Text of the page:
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A Tweed Fisheries Biologist’s Week – Saturday 22nd November

Saturday 22nd November:  On traps again this week. Little doing at the moment, low water conditions and cold.

Sunday 23nd November: Nothing in the traps – very cold water.

Monday 24th November:  Admin in the morning and making a short presentation on Beavers and Fisheries issues for our meeting with the Minister on Wednesday. Out to do the traps in the afternoon – water levels falling, so little chance for the fish.

Tuesday 25th November: More Beavers in the morning, then up to the Tweedsmuir trap to see what repairs need to be made after the big waters of the Autumn. Checked the other traps, hardly even need cleaning now, the water is so low & stable. One of the things that you gain by working with traps is a realisation of just how precarious access is for fish getting into smaller streams – it needs the right water levels at the right time. If we had had a long series of good catch records for Brown trout it would have been very interesting to see if the effects of drought Autumns could be picked up in reduced catches 2-3 years afterwards. Unfortunately, that is precisely what we do lack and what the TTGI is attempting to get going.

Wednesday 26th November: Did e-mails and some data entry, then off to Edinburgh with Nick and Andrew DH to see the Minister at Holyrood on Beavers, where tried to keep my presentation down to the time limit. A useful exchange of views then followed. Lunch there, then back down to Drygrange, where did a bit more data entry and also almost finished the first draft of a paper I’m doing for RAFTS, a “commentary” on an FRS publication on the data needed for salmon stock assessment in Scotland (there was a meeting about this about a month ago, but it’s taken this long to get it done). The idea is to synthesise the data requirements for National salmon stock assessments, as seen  by FRS, with local Trust management work, data collection and their own local needs for stock assessments. Such a system would work for all and  consequently be highly efficient and cost-effective for the country.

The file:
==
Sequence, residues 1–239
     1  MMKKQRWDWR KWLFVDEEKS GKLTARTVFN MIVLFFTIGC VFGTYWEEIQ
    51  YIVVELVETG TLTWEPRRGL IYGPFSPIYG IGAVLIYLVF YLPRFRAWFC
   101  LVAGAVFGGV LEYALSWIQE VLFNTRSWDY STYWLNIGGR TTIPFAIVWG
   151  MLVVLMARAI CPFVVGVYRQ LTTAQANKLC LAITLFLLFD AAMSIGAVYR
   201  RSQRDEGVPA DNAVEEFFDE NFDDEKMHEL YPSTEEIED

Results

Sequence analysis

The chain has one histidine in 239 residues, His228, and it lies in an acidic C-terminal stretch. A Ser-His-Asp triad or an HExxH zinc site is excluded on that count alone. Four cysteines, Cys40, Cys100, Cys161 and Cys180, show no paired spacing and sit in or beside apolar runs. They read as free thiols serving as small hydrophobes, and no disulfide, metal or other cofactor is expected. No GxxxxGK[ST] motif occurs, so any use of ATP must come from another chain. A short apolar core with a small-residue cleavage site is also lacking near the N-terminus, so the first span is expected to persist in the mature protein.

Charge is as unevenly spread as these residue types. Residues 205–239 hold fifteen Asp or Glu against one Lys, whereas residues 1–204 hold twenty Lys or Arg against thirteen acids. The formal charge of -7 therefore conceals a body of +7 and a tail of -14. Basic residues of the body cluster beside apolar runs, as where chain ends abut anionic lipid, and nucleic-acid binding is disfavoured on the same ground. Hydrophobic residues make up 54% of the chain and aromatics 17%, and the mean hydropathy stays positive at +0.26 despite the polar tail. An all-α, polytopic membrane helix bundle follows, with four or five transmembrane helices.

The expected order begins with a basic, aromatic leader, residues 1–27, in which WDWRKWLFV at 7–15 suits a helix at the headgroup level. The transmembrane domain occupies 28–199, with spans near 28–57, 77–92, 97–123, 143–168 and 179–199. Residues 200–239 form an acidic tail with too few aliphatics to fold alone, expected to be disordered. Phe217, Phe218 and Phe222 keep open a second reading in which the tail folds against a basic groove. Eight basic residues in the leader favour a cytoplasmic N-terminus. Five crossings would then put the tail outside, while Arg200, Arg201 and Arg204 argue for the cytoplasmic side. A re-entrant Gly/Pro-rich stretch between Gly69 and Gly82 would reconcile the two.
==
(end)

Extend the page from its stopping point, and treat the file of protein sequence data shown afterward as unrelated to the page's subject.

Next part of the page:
Thursday 27th November : Mild & some rain overnight, so a morning check of the traps required -but no flow increase to bring fish in. Finished off the Stock Assessments draft & sent it off and started reading the final draft of the SolwayTweed Eel Management Plan which came in earlier this week from the EA -we’ll adopt the recommendations of this into the Eels section of the next Fisheries Management Plan, though funding for such work is another matter. Unusually for Scotland, where Eel have never been of fisheries importance, we have a baseline on Eel populations here in the 1970’s when a massive Ph.D. study of them was done. It would be of very great interest to repeat some of the sampling done then, to see how Eel numbers compare today. Evening check of the traps afterwards.

Friday 28th November: Another morning check of the traps. At lunchtime, down the river collecting up scale packets at almost the end of the season, leaving stamped, addressed envelopes for any samples taken on the last day to be sent in. Opinions from the boatmen were that their seasons had varied from OK to good – the washouts in September and October had knocked some beat totals back, but others had picked up later and had reached good annual totals.  Did the evening check of the traps and back to the office. James is doing what he likes to do best – sorting and organising data – working on the scales collection and getting more into the database. All sorts of anomalies get picked up when this is done – fish that are apparently too long for their weight and vice versa. Kenny is still working through the TTGI results folders for all the different clubs.